Managing the “sickie” – a well-established workplace rite?

It is now when sickness levels increase due to the usual colds, coughs, flu’s and viruses that do the rounds at this time of the year. This is normal, and most employees will take some sick leave to rest and recover. However, there is a small proportion of the workforce that take sick leave to the level where it impacts on their employer being able to rely on them to carry out the duties of the role they are employed to do. This ultimately impacts on the organisation’s productivity and potentially reputation where client work is not delivered on time. It can also upset a well-functioning team if other employees become disgruntled and aggrieved because another team member is frequently absent and not pulling their weight.

Managing sick leave can be straight forward in some cases, and very complex in others. The problem can be rectified in some instances through a single conversation. However, in other cases the end result may be that the individual’s employment is ended due to medical incapacity or because attendance at work has not improved to a reasonable level despite the employer investigating the root causes of the absence, implementing supportive actions, and providing warnings and opportunities to improve attendance. Each case is unique and needs to be dealt with sensitively and with due process because of the potential for claims of discrimination and disadvantageous treatment where a disability is causing the absence.

However, employers should not be put off dealing with cases of unacceptable absence due to “sickness” where this is impacting on their business. There comes a point where a “reasonable” employer can make a robust decision, having followed a fair and appropriate process, about ending an individual’s employment as they are not able to provide satisfactory attendance in the workplace.

In managing frequent absence from the workplace due to sickness, you may want to consider:

Am I satisfied about the genuineness of the sickness absence, or is there a suspicious pattern of absence that suggests some or all of it may not be legitimate?

If you query the legitimacy of the absence, be clear on your reasons for this and use the processes within the Holidays Act 2003 to seek verification through a medical certificate. The Act allows employers to request a medical certificate at the employee’s cost where absence spans more than 3 calendar days, and at the employer’s cost if a certificate is requested. If the legitimacy of the sick leave is in question, then perhaps there needs to be some consideration and discussion with the employee about what workplace or personal factors may be contributing to the absence (e.g. addiction issues, workplace bullying, low morale or job dissatisfaction).

Are there any underlying medical, mental health or disability issues that are affecting attendance?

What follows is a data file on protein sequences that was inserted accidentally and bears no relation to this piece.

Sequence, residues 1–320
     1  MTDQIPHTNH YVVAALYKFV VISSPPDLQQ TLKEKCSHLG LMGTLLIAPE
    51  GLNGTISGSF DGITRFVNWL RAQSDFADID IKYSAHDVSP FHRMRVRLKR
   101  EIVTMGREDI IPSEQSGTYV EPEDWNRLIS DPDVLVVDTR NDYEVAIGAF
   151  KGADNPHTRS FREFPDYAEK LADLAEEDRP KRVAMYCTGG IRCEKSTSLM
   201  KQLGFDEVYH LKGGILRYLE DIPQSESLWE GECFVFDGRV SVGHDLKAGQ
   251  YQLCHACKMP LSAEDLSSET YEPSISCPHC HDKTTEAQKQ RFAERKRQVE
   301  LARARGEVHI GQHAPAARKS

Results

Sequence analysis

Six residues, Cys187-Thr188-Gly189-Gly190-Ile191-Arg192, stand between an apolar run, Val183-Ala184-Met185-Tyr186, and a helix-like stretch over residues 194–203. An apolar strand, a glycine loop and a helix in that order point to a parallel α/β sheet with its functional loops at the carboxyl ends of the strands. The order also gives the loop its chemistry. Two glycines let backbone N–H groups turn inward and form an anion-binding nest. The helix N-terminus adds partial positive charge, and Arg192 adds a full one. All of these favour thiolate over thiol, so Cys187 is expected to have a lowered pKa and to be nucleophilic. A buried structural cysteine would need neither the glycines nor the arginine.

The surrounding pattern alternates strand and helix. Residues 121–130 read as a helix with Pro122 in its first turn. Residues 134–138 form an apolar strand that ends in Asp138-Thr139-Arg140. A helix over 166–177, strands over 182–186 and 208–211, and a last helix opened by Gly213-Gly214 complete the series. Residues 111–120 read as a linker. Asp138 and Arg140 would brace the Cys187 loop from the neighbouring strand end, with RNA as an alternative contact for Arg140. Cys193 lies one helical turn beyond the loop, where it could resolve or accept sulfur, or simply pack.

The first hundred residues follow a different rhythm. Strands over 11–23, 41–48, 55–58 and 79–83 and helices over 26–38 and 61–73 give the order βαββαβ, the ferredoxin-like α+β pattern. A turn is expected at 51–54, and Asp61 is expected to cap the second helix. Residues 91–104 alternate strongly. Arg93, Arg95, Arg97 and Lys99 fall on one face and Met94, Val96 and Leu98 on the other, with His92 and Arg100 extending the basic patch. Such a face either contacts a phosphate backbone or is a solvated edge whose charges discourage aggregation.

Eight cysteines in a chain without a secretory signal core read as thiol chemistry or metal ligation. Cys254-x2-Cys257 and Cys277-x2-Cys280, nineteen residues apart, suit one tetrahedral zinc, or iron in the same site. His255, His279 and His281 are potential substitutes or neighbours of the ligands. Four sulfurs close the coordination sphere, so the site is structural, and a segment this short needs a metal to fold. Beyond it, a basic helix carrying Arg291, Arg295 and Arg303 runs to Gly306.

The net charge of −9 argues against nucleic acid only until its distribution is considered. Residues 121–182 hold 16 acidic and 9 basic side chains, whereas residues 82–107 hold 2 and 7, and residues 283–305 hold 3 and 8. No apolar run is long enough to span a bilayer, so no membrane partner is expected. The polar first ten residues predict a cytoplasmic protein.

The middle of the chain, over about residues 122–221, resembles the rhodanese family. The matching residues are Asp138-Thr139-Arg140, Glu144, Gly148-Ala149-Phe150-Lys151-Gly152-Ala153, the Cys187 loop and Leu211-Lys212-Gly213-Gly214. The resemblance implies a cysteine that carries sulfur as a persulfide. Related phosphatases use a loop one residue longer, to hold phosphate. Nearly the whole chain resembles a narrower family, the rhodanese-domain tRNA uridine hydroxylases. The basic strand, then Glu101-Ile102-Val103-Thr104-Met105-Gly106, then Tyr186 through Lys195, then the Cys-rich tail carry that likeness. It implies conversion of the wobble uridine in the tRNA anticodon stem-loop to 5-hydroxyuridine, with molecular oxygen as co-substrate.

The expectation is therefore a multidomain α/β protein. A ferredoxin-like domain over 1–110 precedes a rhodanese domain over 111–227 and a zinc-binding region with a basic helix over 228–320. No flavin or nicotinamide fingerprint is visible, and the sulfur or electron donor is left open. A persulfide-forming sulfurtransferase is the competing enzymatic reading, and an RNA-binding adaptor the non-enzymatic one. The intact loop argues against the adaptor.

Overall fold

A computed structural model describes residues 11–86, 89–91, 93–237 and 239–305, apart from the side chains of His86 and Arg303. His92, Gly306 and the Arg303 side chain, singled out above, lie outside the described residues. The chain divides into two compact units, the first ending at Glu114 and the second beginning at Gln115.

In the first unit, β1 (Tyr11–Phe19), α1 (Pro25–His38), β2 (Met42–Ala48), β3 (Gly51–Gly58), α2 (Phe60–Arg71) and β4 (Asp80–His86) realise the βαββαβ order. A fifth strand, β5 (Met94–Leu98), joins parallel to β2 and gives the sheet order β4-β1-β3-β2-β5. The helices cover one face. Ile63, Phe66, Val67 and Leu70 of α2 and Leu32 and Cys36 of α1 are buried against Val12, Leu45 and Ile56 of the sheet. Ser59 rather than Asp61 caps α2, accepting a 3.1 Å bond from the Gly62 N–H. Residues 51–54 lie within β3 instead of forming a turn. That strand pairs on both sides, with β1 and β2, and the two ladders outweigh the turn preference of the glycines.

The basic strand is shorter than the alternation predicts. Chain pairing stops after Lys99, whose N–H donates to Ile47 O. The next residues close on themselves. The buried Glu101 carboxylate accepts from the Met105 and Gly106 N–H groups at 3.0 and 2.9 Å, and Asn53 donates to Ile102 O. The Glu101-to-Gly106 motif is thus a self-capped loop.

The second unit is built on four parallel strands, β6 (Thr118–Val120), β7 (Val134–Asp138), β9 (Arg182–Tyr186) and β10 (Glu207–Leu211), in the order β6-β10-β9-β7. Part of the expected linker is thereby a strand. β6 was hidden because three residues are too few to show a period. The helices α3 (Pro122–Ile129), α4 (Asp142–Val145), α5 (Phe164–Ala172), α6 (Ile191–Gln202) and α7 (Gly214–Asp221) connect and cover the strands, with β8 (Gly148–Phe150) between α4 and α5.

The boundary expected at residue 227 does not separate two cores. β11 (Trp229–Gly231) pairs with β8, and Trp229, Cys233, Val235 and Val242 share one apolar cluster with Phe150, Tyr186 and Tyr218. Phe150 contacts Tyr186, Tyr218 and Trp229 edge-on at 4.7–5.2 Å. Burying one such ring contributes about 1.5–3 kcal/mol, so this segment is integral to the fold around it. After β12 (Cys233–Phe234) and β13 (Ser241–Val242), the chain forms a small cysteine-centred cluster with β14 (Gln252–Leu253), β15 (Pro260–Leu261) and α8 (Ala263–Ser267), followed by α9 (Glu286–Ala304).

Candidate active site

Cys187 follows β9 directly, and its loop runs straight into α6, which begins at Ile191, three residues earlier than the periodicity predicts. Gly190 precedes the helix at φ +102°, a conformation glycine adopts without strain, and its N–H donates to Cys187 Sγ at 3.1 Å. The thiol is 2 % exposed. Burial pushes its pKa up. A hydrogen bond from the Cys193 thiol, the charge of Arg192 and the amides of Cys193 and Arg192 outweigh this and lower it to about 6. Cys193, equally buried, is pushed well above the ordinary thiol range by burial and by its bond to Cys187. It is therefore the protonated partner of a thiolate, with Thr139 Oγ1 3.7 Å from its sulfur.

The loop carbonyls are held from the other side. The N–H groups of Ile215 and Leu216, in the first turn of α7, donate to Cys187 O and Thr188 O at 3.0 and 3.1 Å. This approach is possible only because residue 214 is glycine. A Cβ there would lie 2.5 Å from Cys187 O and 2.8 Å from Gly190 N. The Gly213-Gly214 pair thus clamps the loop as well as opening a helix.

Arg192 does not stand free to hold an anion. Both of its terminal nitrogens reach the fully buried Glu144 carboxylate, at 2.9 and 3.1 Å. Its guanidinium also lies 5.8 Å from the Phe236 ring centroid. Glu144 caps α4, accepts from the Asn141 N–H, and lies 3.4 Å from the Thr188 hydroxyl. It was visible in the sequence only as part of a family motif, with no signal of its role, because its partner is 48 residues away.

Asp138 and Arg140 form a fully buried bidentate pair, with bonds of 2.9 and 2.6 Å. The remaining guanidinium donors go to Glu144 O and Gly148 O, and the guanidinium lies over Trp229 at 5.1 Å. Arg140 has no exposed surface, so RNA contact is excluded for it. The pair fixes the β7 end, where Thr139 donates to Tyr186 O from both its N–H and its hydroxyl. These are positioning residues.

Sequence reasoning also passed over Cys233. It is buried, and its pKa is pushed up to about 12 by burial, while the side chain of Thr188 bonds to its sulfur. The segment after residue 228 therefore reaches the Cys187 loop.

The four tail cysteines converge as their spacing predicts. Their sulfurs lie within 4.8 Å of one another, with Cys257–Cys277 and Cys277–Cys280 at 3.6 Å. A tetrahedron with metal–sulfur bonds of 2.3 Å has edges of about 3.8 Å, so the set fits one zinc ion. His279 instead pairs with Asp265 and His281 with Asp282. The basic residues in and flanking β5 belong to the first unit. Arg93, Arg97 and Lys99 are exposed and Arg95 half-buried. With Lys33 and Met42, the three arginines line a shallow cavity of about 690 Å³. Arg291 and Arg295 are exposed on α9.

Many employment agreements explicitly outline that the employer may request the employee attends a medical assessment with a GP or other health professional for an opinion about their health status, whether they are fit to undertake the role they are in, and any health or disability adjustments that could be made to the role to enable better success in the role. Don’t be afraid to take this route, as it may give you valuable insights and shows you are doing all you can as a fair and reasonable employer to support your employee. Just don’t forget to seek consent from your employee to the assessment and to you being able to see the report or letter from the practitioner.

What would a fair and reasonable employer do in this situation?

If you have taken supportive actions and provided warnings about attendance, but you’ve reached the end of the road and can’t sustain the absence any longer, you should consider alternative options before you terminate. Can the employee be moved to a different role where their absence does not have such an impact on the operations or a role that is better suited to them? Could their hours of work be reduced, by mutual agreement?

A final note – beware of disabilities in the workplace and ensure that you are not opening yourself up to any legal claims. Whatever action you take, follow a fair process and link any decisions you make about the person’s ability to do the job to objective role-related and operational requirements, and medical information or opinions sought. If you go against a recommendation provided by a health professional, make sure you have robust rationale for doing so.

If you would like to discuss how we may be able to support you with managing intermittent and long-term sickness absence, call Safe Business Solutions Ltd on freephone 0508 424 723 or email info@safebusiness.co.nz.